ECDC report warns of rising threat from carbapenem-resistant A baumannii
European health officials are warning about an increase in carbapenem-resistant Acinetobacter baumannii infections in hospitals across the continent.
In a rapid risk assessment issued Dec 9, the European Centre for Disease Prevention and Control (ECDC) said recent data from the European survey on carbapenemase-producing Enterobacteriaceae (EuSCAPE) and the European Antimicrobial Resistance Surveillance Network (EARS-Net) confirm that although there is already a high resistance baseline in some EU countries, there's been an overall increase in carbapenem-resistant A baumannii throughout the continent.
Acinetobacter spp. are gram-negative bacteria that are ubiquitous in the environment, with most species having low pathogenicity. But A baumannii, which can survive for long periods on dry surfaces and easily acquires resistance to different classes of antibiotics, has emerged as an important cause of outbreaks in healthcare settings.
A baumannii outbreaks typically occur in intensive care units among patients who've had invasive procedures or indwelling devices, but infections in patients admitted to conventional medical and surgical wards have been increasing. The bacteria are difficult to eradicate once they've become endemic. Over the last decade, the increasing resistance to carbapenems—traditionally the antibiotics of choice for A baumannii infections—has led to increasing use of the last-resort antibiotic colistin.
According to the data from EuSCAPE, a higher number of EU and European Economic Area (EEA) countries reported interregional spread or endemicity of carbapenem-resistant A baumannii in 2015 compared to 2013. In addition, data from EARS-Net showed that in 2015, 12 of 27 countries reported carbapenem resistance in more than 50% of their Acinetobacter spp. isolates. These findings, the ECDC report said, support the conclusion that the epidemiological situation of carbapenem-resistant A baumannii is worsening in Europe.
The ECDC said the findings highlight the need for increased efforts to reduce the clinical risk of carbapenem-resistant A baumannii infections, prevent hospital outbreaks and cross-border transmission, and improve preparedness for outbreak situations.
Dec 9 ECDC rapid risk assessment
HHS report highlights drop in hospital-acquired conditions
A new report from the Department of Health and Human Services (HHS) shows that hospital-acquired conditions (HACs) are continuing to decline, a finding that has positive implications for the battle against antibiotic resistance.
According to the National Scorecard on Rates of Hospital-Acquired Conditions, a report compiled and analyzed by the Agency for Healthcare Research and Quality (AHRQ), preliminary estimates for 2015 show a 21% decline in HACs since 2010. That translates into a cumulative total of 3.1 million fewer HAC's over 5 years than would have occurred had rates remained at the 2010 level, 125,000 fewer deaths, and approximately $28 billion in healthcare savings.
The preliminary rate for 2015 is 115 HACs per 1,000 discharges, down from 145 in 2010.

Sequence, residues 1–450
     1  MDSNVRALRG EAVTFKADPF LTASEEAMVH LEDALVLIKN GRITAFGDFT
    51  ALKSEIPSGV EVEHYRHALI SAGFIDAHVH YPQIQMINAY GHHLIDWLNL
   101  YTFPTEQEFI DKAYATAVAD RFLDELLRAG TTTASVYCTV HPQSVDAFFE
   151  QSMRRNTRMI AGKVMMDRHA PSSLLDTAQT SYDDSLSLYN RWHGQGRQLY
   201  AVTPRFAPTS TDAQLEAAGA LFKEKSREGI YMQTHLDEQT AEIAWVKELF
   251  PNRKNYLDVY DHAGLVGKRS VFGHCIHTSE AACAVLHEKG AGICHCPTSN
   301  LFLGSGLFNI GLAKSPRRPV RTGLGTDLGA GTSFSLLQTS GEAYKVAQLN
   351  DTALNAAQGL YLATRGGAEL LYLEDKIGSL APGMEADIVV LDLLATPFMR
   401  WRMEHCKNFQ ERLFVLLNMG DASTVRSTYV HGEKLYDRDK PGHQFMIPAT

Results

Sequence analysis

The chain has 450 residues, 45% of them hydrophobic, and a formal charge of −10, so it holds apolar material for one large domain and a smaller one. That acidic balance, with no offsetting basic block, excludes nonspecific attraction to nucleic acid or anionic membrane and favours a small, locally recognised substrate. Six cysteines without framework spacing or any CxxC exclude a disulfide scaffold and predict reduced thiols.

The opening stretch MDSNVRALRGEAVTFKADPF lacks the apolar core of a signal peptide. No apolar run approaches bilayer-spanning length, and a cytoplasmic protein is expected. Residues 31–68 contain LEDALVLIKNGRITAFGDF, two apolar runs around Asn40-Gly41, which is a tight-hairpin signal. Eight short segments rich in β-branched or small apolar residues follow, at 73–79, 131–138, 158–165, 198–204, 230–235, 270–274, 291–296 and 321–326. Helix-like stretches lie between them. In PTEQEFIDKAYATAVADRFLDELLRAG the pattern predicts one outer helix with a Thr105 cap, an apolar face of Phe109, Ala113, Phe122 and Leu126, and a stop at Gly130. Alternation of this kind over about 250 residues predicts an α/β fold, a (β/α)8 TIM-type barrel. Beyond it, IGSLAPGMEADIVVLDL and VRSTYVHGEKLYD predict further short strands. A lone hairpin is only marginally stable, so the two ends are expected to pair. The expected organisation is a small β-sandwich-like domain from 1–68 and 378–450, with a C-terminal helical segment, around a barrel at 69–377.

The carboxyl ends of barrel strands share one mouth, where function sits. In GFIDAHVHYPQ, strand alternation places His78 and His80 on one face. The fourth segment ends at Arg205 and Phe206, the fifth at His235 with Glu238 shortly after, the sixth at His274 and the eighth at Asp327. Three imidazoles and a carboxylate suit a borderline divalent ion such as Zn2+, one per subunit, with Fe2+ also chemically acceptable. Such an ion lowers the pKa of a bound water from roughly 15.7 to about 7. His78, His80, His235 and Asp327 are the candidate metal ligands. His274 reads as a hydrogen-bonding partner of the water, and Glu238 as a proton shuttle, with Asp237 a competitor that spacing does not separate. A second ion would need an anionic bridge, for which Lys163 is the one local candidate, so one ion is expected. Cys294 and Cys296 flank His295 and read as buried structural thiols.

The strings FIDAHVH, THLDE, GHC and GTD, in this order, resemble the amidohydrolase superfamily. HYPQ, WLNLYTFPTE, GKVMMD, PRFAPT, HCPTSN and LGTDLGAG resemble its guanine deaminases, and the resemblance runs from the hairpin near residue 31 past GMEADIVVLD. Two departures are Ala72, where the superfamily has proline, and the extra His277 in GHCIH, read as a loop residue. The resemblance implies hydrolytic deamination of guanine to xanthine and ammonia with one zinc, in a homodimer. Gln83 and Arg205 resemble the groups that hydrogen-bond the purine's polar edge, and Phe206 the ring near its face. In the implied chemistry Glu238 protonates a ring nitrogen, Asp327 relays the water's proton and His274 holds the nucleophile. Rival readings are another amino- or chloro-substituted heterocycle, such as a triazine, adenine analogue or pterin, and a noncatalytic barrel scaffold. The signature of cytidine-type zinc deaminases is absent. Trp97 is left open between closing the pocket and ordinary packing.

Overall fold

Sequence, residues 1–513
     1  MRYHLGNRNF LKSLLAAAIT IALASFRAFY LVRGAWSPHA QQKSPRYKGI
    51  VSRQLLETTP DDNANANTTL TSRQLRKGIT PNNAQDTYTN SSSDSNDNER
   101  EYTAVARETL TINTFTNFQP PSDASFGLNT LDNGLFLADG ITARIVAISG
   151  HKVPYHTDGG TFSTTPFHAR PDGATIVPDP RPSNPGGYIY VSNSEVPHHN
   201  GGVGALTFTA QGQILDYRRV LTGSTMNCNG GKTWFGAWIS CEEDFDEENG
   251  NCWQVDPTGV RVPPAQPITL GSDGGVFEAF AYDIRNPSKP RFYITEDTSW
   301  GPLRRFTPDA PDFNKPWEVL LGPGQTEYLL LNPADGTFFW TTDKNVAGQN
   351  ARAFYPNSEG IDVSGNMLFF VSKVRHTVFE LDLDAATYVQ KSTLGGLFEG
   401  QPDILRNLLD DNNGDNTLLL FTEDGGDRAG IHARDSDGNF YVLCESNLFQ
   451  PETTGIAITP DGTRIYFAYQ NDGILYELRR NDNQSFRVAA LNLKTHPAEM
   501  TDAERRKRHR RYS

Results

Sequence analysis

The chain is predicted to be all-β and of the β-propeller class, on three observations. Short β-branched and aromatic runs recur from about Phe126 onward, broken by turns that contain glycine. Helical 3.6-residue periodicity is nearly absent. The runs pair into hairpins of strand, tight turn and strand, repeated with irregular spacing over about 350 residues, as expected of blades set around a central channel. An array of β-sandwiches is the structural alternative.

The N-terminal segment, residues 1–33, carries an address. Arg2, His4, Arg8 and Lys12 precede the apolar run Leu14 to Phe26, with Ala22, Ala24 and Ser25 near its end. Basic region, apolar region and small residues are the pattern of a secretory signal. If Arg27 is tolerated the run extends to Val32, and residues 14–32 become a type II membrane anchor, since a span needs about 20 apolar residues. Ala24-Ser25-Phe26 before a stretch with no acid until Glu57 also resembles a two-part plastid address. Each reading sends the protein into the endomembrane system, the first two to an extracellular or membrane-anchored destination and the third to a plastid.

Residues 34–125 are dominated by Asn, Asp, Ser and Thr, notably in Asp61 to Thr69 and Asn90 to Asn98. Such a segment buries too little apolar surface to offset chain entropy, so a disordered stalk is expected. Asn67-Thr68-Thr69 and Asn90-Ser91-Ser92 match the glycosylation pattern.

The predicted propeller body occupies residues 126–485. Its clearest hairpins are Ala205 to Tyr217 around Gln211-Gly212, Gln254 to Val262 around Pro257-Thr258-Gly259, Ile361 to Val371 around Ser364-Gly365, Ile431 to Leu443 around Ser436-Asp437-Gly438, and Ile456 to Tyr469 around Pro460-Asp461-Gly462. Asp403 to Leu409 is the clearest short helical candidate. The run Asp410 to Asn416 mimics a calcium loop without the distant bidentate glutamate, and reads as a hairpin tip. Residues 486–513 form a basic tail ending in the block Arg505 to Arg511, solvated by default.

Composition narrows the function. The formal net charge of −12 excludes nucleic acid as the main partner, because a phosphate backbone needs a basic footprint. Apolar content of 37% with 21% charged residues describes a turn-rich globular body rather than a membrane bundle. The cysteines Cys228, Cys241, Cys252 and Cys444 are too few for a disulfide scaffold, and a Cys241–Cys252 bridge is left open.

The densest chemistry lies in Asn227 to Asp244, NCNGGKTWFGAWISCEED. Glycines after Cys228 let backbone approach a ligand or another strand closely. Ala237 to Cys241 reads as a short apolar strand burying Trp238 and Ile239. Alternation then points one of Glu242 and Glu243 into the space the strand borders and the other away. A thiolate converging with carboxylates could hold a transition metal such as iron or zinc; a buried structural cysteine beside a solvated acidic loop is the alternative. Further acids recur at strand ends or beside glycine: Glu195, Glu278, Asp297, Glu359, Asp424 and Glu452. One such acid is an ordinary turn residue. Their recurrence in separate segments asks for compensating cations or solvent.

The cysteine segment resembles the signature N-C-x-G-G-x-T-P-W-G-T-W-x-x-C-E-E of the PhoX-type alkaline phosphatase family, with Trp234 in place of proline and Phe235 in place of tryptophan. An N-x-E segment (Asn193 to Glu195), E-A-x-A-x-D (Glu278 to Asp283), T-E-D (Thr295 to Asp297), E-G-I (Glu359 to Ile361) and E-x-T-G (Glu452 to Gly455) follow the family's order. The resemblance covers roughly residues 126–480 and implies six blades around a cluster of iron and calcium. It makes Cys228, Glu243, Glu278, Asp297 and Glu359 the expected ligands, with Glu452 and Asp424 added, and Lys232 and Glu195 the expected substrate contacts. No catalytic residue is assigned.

"Today's report shows us hundreds of thousands of Americans have been spared from deadly hospital acquired conditions, resulting in thousands of lives saved and billions of dollars saved," HHS Secretary Sylvia Burwell said in a news release.
While the largest cumulative reductions were in adverse drug events (a 42% reduction from 2010) and pressure ulcers (23%), there were also declines in four types of healthcare-associated infections (HAIs) whose treatment can be complicated by antibiotic-resistant bacteria: catheter-associated urinary tract infections (15.2%), surgical site infections (2.4%), central-line associated infections (1.3%), and ventilator-associated pneumonias (0.5%).
Cutting down on these types of infections is considered a critical element in efforts to combat antibiotic resistance and promote antibiotic stewardship in the US healthcare system.
Dec 2016 AHRQ report on hospital-acquired conditions
Dec 12 AHRQ news release
Proton-pump inhibitors linked to rectal carriage of ESBL-E
A study yesterday in Clinical Infectious Diseases reports that use of proton-pump inhibitors (PPIs) is independently associated with rectal carriage of extended-spectrum beta-lactamase-producing Enterobacteriaceae (ESBL-E).
The findings of the study are relevant because ESBL-E rectal carriage in the general community has become endemic globally and because PPIs, which neutralize or reduce the production of gastric acid, are among the most frequently prescribed class of drugs in the world and have been shown to increase the risk of gastrointestinal infections. But previous studies linking PPIs and ESBL-E have produced conflicting results.
In the cross-sectional study performed at an 850-bed teaching hospital in the Netherlands, investigators obtained valid rectal cultures from 570 of 702 hospitalized or day care patients. Of these 570 patients, 259 used PPIs on admission. In the PPI users, prior hospitalization and antibiotic use were more frequent, and median age was higher.
Overall, rectal carriage of ESBL-E was detected in 31 of the 570 patients, with Escherichia coli as the predominant species in 87% of the cases. Twenty-two of those patients were PPI users on admission. In a multivariable analysis, PPI users were found to have nearly four times the risk of ESBL-E rectal carriage as non-PPI users (adjusted OR, 3.89). While antibiotic use on the day of culture was not associated with ESBL-E rectal carriage, no data were available on antibiotic use prior to hospital admission.
The authors of the study say prospective studies are warranted to further explore the role of PPIs in ESBL-E infections
Dec 13 Clin Infect Dis study